Archiving the Digital Photograph – Group A2

With the creation of new digital technology, humans have periodically transitioned things that were once analog into a newer digital form.  This transition happened with text, sound, and in the past few decades pictures and videos.  With the creation and wide adoption of the smartphone, snapping a picture to remember a moment in time is easier than ever.  By repeatedly doing this, we are effectively creating a digital archive of the memories tucked away deep inside our brains. The act of archiving memories using pictures is similar to the idea of the memex, in the sense that once we archive a memory (or save it forever as a digital photograph) we can then come back and experience that time once again though the physical moment has long passed.  This supports Vannevar Bush’s claim that “improved technology has become as extension of our capabilities.”  Once a moment is over, we physically are never able to experience it again, however archiving the moment makes repeating the emotional experience very possible, giving us the power of “time travel.”

In our video, we will display the idea of archiving memories using a cover of the song Photograph by Nickelback.  Our songvid will overlay images and videos of things such as people taking, posting, and deleting digital photos, while attempting to also show the transition that occurred as the digital revolution changed the how the photograph actually existed..  The song, which is about reminiscing and remembering the past based off of pictures and other items connected to our past selves, directly relates to this idea.  We also intend to show how by archiving using photographs, you can travel back through time by simply scrolling through a timeline.

In class when we talked about Google and Wikipedia, it was noted that the importance of archiving is to make information more accessible.  Though this was in relation to text and information, the exact same concept is true when applied to photographs.  Social media such as Facebook or Instagram act as our “memex,” making it so that each and every one of the things we want remembered, are indexed and saved into history forever.  Vannevar Bush in his essay originally outlining the memex said, “A library of a million volumes could be compressed into one end of a desk.”  This is essentially what these various social media platforms have become for us––though rather than in the end of a desk, they live in the palm of our hands.

An example of the songvid genre of remix is shown below.  We will be utilizing the same techniques demonstrated in the video for argumentative purposes rather than purely for entertainment, however the premise of the video will be much of the same.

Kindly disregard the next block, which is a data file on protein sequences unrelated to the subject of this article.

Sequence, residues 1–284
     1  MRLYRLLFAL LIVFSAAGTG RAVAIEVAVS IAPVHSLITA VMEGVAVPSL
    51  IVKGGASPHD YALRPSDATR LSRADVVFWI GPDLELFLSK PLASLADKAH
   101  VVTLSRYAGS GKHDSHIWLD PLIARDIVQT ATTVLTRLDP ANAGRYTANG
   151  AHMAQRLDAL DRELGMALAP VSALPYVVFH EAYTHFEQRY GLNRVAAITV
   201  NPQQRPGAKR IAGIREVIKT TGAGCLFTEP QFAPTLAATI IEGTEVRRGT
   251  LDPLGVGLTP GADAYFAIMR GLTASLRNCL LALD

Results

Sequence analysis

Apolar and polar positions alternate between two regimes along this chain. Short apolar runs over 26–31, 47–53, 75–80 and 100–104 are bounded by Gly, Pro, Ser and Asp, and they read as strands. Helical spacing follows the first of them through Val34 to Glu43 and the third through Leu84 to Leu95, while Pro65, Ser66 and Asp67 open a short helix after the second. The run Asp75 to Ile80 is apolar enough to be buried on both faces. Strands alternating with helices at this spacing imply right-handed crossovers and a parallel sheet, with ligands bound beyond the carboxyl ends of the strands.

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One comment on “Archiving the Digital Photograph – Group A2

  1. Both the link to the song and the video are helpful in terms of getting a sense of the look/feel you’re going for. A question you should discuss as a group, and your video project will need to grapple with, is what makes digital modes of photographic archival different from analog forms (the photo album referenced in the song, or a scrapbook)? Your references to Bush’s memex work nicely, but that was still conceptualized as a fairly personal (memory) device, with some limited sharing capabilities, and it’s a bit unclear how how you’re going to make those references/ideas clear through imagery. So, push these ideas a bit further- is this just about our own digital archives? Or that these archives are now networked? You reference our conversation on collective intelligence, so are you suggesting that a sort of “collective memory” emerges from this capacity to digital archive photographs?

    I also wonder if you’re going too literal with the song selection here, at the expense of picking something that will more effectively make the argument you outline above. Yes, the song is about nostalgia and memory, and the differences between “now” and “then,” but it’s also fairly wistful in tone, so you might need to be careful of this coding as anti-digital photography/archiving. You gesture to showing this as a progression, rather than a comparison, and that might help mitigate those interpretations.

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